Albert C. Morton to Hiram Hill

Albert C. Morton to Hiram Hill
Creator: Morton, Albert C.
Date: June 28, 1857
Albert Morton wrote from Quindaro, Kansas Territory, to Hiram Hill in Massachusetts. Morton informed Hill that the package containing money from him had been located in Council Bluffs, Iowa, and he expected to receive it soon. Morton also described various aspects of Quindaro's development, including the building of a new store, and confirmed that the railroad would in fact come to Quindaro.


Albert C. Morton to Hiram Hill

Albert C. Morton to Hiram Hill
Creator: Morton, Albert C.
Date: July 31, 1857
Albert Morton wrote from Quindaro, Kansas Territory, to Hiram Hill in Massachusetts, providing for him some conclusions regarding Samuel N. Simpson's fraudulent business practices. Morton reported that, from information provided by Simpson's brother, Samuel N. Simpson had taken $40-50,000 from the Quindaro Town Company, and deeded the land of others. He had also given Hill an unauthorized bond, which was not valid. Abelard Guthrie, however, according to Morton, had offered to give Hill title to some land, in order to minimize financial losses brought on by Simpson's actions.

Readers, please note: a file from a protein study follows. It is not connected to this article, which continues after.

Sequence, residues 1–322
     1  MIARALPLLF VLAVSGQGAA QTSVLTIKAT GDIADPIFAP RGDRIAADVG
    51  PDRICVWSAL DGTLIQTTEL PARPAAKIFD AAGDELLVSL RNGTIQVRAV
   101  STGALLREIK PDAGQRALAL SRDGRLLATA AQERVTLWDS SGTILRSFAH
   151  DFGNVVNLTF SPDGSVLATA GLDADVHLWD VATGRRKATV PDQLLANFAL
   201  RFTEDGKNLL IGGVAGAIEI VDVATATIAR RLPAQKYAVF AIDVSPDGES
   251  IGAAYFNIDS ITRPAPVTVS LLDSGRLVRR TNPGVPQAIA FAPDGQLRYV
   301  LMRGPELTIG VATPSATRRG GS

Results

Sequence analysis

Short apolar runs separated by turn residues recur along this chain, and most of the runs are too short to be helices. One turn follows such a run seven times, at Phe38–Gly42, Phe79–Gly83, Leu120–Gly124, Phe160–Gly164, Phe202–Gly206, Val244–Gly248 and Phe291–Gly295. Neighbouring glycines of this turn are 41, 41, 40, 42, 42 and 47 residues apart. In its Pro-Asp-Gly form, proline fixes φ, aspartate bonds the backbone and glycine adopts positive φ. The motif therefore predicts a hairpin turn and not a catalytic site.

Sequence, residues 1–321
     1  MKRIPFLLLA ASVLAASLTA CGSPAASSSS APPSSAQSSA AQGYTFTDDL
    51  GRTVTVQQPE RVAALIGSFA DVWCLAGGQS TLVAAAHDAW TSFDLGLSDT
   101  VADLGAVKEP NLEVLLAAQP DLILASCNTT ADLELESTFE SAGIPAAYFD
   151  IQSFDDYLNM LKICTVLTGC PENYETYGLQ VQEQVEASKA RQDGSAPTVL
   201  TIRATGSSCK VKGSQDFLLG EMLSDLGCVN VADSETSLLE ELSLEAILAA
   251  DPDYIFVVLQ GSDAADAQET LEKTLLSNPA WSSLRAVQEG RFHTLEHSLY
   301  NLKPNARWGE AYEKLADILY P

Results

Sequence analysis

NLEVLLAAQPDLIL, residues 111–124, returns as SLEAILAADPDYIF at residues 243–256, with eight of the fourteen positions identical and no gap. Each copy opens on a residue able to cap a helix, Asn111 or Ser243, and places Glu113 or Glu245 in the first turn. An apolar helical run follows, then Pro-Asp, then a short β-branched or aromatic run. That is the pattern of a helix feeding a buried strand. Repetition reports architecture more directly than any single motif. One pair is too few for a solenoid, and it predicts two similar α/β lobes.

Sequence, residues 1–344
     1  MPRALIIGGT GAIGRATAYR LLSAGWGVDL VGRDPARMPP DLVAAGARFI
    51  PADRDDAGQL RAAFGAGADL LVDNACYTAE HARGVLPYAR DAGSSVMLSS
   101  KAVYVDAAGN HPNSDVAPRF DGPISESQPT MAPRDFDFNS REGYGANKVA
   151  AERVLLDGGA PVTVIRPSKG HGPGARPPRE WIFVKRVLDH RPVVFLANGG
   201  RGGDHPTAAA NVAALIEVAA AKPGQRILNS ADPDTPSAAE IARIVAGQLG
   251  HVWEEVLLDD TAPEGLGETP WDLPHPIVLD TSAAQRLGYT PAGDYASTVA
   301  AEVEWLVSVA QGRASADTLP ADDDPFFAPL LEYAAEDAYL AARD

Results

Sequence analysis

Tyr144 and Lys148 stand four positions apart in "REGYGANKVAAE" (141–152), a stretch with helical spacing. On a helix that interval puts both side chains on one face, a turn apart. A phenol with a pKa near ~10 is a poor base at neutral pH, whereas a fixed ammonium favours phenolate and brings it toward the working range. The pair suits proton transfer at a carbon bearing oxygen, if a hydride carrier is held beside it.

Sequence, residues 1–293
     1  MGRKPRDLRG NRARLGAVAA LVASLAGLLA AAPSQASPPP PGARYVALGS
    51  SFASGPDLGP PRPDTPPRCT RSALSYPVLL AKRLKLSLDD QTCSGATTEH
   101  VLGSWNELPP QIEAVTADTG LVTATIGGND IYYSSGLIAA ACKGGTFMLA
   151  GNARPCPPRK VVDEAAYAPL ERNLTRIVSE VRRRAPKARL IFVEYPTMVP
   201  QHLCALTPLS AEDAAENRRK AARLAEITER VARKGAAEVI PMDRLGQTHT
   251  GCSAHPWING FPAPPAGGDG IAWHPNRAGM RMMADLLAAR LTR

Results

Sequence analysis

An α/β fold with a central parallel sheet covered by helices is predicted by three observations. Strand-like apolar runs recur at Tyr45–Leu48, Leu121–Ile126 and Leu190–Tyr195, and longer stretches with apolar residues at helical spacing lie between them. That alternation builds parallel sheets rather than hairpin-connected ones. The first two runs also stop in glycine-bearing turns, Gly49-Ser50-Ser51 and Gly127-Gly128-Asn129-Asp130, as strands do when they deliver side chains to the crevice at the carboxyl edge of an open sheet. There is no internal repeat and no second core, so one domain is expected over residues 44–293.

Albert C. Morton to Hiram Hill

Albert C. Morton to Hiram Hill
Creator: Morton, Albert C.
Date: August 3, 1858
Albert Morton wrote from Quindaro, Kansas Territory, to Hiram Hill in Massachusetts. Morton had recently returned to Quindaro in order to vote on the Lecompton Constitution as submitted by the English bill. Having arrived there, he found the place to be "dull". Morton described many empty houses and buildings, left behind from settlers selling out to return home; money had also been lost in investments and bridges were washed out in floods. However, the Town Company had invested in a flour mill, which had commenced operations. Morton also discussed matters of buying and selling land warrants with Hill.


Albert C. Morton to Hiram Hill

Albert C. Morton to Hiram Hill
Creator: Morton, Albert C.
Date: July 5, 1857
Albert Morton wrote from Quindaro, Kansas Territory, to Hiram Hill in Massachusetts. Morton discussed the allegations of fraudulent investment activities on the part of Samuel N. Simpson, and told Hill that Alfred Gray, an area attorney and future Secretary of the Wyandotte Board of Trade, had lost five acres of land due to Simpson's deceptive practices. Morton updated Hill on Quindaro's development, stating that the prospects were good due to the railroad's anticipated presence in town. He added that he still had not received that package containing $700 from Hill.


Albert C. Morton to Hiram Hill